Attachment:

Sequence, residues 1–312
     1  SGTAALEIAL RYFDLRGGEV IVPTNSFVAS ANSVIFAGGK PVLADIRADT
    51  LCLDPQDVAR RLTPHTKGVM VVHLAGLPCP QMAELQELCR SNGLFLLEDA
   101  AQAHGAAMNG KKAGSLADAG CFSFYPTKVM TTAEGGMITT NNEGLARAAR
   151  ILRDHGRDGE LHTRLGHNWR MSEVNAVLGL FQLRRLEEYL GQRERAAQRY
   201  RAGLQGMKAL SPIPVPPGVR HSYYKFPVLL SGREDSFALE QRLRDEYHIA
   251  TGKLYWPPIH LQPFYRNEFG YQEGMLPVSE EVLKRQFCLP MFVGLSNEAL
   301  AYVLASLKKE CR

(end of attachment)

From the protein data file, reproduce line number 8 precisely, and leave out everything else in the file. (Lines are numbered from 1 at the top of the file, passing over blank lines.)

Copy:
   301  AYVLASLKKE CR